This is the failure I see deeply in MS and why I'm no longer confident they will win. They had a perfect chance with Windows Phone 7. RIM/Blackberry were beaten down to the point they had vultures picking at their heels. Microsoft had the chance to at least gobble up any hope of RIM doing anything to come back and taking over their leftover market corpse (the business segment). They could have then held one market while trying to build momentum and get themselves back in the race. Where are we now? RIM is alive and the business community is racing to them because MS shunned business users. BB10 has full Android app support so developers don't even have to work hard to support them anymore. If RIM beats MS there is no hope MS will ever have a serious foothold in the phone space.

Basically, MS needed to be focusing hard on the end user's experience. They needed to be marketing a complete package better than what has existed. Instead they have given users broken fragments that leave them utterly confused and seeing no value proposition. They keep singing this song of "just one more version and we'll get it right" meanwhile everyone is racing without thinking of them.

I'll admit I was a strong MS fanboy. I seriously only just got an Android phone in Q4 2012. Having owned a smartphone since 2005 and all were Microsoft based (WM 5-WP7.8) I was betting hard on them coming back and winning. Now I just can't see that anymore. You can't keep saying "next year" every year and hoping that its right at some point. It is starting to sound a lot like those "this is the year of Linux" diatribes that start every year.

@LogicalApex 100% on point. The technical merits can be debated forever between developers and admins ad nauseum. But the content of that post, which I agree with 100% is what "real" people care about.

I have made my career off the Microsoft Architecture, and MS has never been this unworthy of confidence. Like you, I prefer Windows/Microsoft products. But having just recently gone Android after a 920 & 8X, I don't see myself ever going back to Windows Phone. At this pace, it will take them a decade to catch up to where Android is today. I realized after going back and having everything I wanted, to be on a Windows Phone is to settle for less. And I can't come up with a good reason why I would ever do that again. The fact that MS is silent on the gaping holes and issues with the platform and do not appear to be listening to customers at all has a lot to do with it.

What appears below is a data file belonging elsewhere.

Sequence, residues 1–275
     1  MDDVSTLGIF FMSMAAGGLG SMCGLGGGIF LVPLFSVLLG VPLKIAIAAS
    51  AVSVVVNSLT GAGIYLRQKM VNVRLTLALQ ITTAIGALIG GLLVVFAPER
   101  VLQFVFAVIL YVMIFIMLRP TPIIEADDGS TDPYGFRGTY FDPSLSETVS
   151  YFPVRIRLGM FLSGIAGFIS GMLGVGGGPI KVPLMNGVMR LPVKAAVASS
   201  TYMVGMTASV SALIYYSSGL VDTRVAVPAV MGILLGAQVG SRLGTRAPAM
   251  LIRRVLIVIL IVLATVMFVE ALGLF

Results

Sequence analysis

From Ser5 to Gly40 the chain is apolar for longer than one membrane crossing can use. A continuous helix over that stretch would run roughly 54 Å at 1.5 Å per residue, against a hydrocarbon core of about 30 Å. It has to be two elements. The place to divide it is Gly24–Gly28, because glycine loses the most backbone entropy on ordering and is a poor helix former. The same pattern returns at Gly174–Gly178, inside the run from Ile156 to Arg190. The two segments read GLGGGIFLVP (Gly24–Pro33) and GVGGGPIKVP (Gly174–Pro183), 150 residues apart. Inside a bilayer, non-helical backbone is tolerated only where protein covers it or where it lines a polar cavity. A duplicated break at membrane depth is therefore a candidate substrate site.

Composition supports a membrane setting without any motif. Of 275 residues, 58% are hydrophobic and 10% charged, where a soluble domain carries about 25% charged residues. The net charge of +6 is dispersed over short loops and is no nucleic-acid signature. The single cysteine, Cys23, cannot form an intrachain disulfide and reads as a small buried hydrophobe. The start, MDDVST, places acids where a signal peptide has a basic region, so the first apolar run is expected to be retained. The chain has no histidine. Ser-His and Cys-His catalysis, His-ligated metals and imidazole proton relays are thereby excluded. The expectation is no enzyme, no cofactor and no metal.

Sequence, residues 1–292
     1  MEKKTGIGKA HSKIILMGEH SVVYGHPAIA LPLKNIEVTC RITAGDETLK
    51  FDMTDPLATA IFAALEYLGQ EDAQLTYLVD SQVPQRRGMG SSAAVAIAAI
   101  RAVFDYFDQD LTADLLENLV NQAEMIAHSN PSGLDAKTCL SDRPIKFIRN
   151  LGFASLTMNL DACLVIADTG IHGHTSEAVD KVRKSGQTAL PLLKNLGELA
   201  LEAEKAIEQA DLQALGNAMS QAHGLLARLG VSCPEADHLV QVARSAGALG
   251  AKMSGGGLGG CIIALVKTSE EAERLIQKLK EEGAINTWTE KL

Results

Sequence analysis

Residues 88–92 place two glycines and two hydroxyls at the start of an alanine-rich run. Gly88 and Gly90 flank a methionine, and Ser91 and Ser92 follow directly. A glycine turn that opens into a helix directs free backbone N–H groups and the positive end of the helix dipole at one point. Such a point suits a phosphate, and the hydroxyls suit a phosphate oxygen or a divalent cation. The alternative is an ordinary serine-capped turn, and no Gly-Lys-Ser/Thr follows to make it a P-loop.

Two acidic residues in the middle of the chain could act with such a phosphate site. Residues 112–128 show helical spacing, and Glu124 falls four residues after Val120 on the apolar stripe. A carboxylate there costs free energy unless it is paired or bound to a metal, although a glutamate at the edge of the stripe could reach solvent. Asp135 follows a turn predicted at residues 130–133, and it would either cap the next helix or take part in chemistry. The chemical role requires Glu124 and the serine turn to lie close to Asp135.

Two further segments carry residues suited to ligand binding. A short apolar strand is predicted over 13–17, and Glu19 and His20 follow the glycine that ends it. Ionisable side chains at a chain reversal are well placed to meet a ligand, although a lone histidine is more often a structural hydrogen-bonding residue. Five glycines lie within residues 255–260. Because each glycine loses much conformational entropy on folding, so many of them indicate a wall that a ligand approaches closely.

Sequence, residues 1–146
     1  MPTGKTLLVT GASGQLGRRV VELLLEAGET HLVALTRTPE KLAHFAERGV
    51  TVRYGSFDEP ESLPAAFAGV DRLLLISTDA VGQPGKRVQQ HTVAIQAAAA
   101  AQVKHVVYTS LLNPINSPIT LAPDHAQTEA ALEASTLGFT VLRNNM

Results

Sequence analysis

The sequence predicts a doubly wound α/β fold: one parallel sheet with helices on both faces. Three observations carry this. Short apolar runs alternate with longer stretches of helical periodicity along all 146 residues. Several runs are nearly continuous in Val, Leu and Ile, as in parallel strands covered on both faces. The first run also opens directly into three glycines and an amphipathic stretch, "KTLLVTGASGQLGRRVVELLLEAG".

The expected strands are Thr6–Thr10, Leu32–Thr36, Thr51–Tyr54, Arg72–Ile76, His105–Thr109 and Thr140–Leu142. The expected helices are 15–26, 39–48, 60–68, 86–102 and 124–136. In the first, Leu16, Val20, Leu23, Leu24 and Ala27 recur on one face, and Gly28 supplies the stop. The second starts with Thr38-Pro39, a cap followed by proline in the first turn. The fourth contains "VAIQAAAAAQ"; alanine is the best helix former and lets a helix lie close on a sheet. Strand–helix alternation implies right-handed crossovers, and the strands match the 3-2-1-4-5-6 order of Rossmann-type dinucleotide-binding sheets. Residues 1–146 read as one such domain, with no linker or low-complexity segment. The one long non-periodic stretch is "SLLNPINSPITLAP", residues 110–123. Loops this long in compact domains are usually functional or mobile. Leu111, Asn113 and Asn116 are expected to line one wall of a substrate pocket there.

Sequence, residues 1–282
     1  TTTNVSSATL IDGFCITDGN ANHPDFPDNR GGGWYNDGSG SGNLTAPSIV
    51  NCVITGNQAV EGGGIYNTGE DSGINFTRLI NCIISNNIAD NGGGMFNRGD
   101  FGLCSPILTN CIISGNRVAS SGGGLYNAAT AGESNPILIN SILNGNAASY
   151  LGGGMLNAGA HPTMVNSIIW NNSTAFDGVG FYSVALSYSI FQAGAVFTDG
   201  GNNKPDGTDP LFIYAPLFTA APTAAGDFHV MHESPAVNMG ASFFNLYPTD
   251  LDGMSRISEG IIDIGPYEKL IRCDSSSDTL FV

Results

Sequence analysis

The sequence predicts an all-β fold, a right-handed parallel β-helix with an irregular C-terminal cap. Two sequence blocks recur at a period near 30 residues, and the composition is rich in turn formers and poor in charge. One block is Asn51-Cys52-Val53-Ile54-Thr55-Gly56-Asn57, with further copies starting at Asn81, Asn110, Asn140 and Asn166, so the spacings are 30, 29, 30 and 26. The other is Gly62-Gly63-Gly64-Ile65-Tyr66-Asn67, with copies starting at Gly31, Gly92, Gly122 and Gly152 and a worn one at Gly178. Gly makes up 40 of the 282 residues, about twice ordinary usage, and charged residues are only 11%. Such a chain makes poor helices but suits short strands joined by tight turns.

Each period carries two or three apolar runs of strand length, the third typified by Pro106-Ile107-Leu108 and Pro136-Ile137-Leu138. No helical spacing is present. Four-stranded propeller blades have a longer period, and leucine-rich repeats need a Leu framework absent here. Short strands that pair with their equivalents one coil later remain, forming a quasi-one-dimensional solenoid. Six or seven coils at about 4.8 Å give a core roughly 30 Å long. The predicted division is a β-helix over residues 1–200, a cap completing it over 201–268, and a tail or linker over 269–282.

To go back to Windows Phone I'd have to give up all my Banking apps, all my fitness apps and peripherals, and CD quality sound over Bluetooth 4.0. Why would I, or anyone other than an MS Shareholder do that? Answer, the wouldn't, they're not, and they won't.

I kind of want to get an iPad Mini. I'm just going to to wait and see if they are going to release an update with a retina display pretty soon.

Yeah, I would off on the mini.. I was pretty disappointed in the hardware specs as well. Hopefully they will revamp it and produce something much better.

ahoncbt said,
get a Nexus 7 or 10. i was doubtful at first when i got my nexus 10 but started loving it.

I already have Nexus 7 and an iPad 2 and a Windows w500 Acer tablet with windows 8

Microsoft needs lower the price to almost the point of giving them away. Yes, they will loose a lot of money at first, but that is the only way they are going to build back market share. The Surface Pro is perfect for the IT person that is on the Go when compared to iPad\Android.. Their marketing has been very weak also.. They need to revamp in that area as well.

Fus10n said,
Microsoft needs lower the price to almost the point of giving them away. Yes, they will loose a lot of money at first, but that is the only way they are going to build back market share. The Surface Pro is perfect for the IT person that is on the Go when compared to iPad\Android.. Their marketing has been very weak also.. They need to revamp in that area as well.

They'll build market share by continuing to build upon the tablet. Rome wasn't built in a day, despite what Apple wants you to believe.

I feel like they should be more competitive than they are now. The can be doing a lot more than they are. Windows 8 has a got off to a rocky start and I feel like they should be really trying to fix that image as well.

"PC" does mean personal computer after all.. If he would have said "desktop replacement" then it would be another story..

Dot Matrix said,
The Pro is a full PC replacement. If someone is looking for a new machine, the Pro can easily fill that spot.

My full PC has a 3TB of HD, the Pro has 0.03TB i guess of even less, it is not a tablet and not a PC

john.smith_2084 said,

My full PC has a 3TB of HD, the Pro has 0.03TB i guess of even less, it is not a tablet and not a PC

You could say the same about the MacBook Air... same size SSD. Is it not a full PC either? (Please ignore the Mac vs PC bit... and yes, variants with larger SSDs)

You can dock the Surface Pro, plug in an external hard drive, keyboard, mouse, huge external monitor... and you're set. For most people's uses. Then, time to leave? Unplug your Surface Pro and run out the door, or use it in your lap on the couch. Or taking handwritten notes in class.

john.smith_2084 said
My full PC has a 3TB of HD, the Pro has 0.03TB i guess of even less, it is not a tablet and not a PC